Who Should Report A SAR?

The publication this week of the Law Commission’s report into the Anti-Money Laundering (AML) requirements for the reporting of suspicious activity has prompted firms to return the perennial question of who should be responsible for reporting?

It’s been a long-held theory that the quality and quantity of SARs reporting might improve if it was the corporate entity and not the MLRO that was responsible for making a report. As Money Laundering Reporting Officers carry personal liability for the criminal offence of failing to disclose it’s perhaps understandable if MLROs choose to cover their backs and report – even where a report might be a marginal call. Better safe than sorry.

Interestingly though only 43% of respondents to the consultation were in favour of a new offence whereby a commercial organisation would be criminally liable for their employees’ or associates’ failure to report suspicions of money laundering, and 19 (51%) were opposed.

The Commission has decided that in view of the responses received, and the work ongoing by other parts of Government following the MOJ consultation, it would not recommend any changes at this time. So it’s hard not to see the report as a damp squib published during an even damper month.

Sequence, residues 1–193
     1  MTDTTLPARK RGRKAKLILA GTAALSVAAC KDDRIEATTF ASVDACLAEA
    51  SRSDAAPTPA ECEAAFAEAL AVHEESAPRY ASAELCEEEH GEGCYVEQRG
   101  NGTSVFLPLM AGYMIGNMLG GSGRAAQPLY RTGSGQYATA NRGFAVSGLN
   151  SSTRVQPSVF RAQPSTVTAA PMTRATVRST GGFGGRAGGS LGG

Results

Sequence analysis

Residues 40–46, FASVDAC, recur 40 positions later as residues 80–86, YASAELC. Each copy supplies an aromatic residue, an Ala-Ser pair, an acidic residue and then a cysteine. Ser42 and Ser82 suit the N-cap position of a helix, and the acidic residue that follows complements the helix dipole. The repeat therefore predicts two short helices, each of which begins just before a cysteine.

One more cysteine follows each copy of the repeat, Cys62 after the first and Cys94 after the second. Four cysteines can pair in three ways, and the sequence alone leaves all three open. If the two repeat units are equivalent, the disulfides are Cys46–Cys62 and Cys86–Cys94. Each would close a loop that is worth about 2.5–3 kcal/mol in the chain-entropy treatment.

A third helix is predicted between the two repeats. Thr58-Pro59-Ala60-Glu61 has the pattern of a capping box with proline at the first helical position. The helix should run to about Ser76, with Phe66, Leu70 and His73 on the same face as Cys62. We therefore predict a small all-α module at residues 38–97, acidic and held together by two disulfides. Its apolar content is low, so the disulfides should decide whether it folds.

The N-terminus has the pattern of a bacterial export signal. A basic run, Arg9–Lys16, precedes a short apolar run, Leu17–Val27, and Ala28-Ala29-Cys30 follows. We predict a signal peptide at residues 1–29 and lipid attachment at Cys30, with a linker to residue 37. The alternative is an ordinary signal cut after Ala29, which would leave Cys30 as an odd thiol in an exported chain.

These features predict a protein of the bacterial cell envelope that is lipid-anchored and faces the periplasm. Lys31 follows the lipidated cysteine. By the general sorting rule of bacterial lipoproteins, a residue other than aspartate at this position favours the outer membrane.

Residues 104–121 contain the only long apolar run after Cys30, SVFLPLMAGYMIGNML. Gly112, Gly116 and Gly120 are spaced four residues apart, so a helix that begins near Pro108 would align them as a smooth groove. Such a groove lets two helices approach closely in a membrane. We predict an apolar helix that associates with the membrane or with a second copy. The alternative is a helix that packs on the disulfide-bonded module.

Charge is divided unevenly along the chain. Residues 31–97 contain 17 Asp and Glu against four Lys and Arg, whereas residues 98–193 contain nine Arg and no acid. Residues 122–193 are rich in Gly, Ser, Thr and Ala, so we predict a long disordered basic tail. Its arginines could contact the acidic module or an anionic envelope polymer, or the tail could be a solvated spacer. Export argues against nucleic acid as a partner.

Key recommendations include:

  • The creation of an Advisory Board created to oversee drafting of guidance and to measure effectiveness of the regime, and ways to improve it
  • Retention of the consent regime, with overwhelming support from respondents for this course
  • Providing clearer guidance on key statutory concepts including suspicion, consent, reasonable excuse and ringfencing
  • Prescribing the form of a SAR with better use of technology to help reporters make more effective disclosures
  • All crimes approach to be preserved
  • Amendment to POCA to create an exemption to allow criminal property to be ring-fenced.

With a focus on improving the consent regime for suspicious activity reports (SARs), this report is the result of a year-long project commissioned by the Home Office, which asked the Law Commission to analyse and address issues with the consent regime, and to make recommendations to improve the prevention, detection and prosecution of money laundering in the UK. The review has focused on Part 7 of the Proceeds of Crime Act 2002 (POCA) and in particular, on those provisions dealing with a failure to report suspicions of money laundering and terrorist financing.

It remains to be seen whether the changes will lead to an improvement in the quality of SARs and affect the number of reports being made.

This article was submitted to be published by Legal Eye as part of their advertising agreement with Today’s Legal Cyber Risk. The views expressed in this article are those of the submitter and not those of Today’s legal Cyber Risk.

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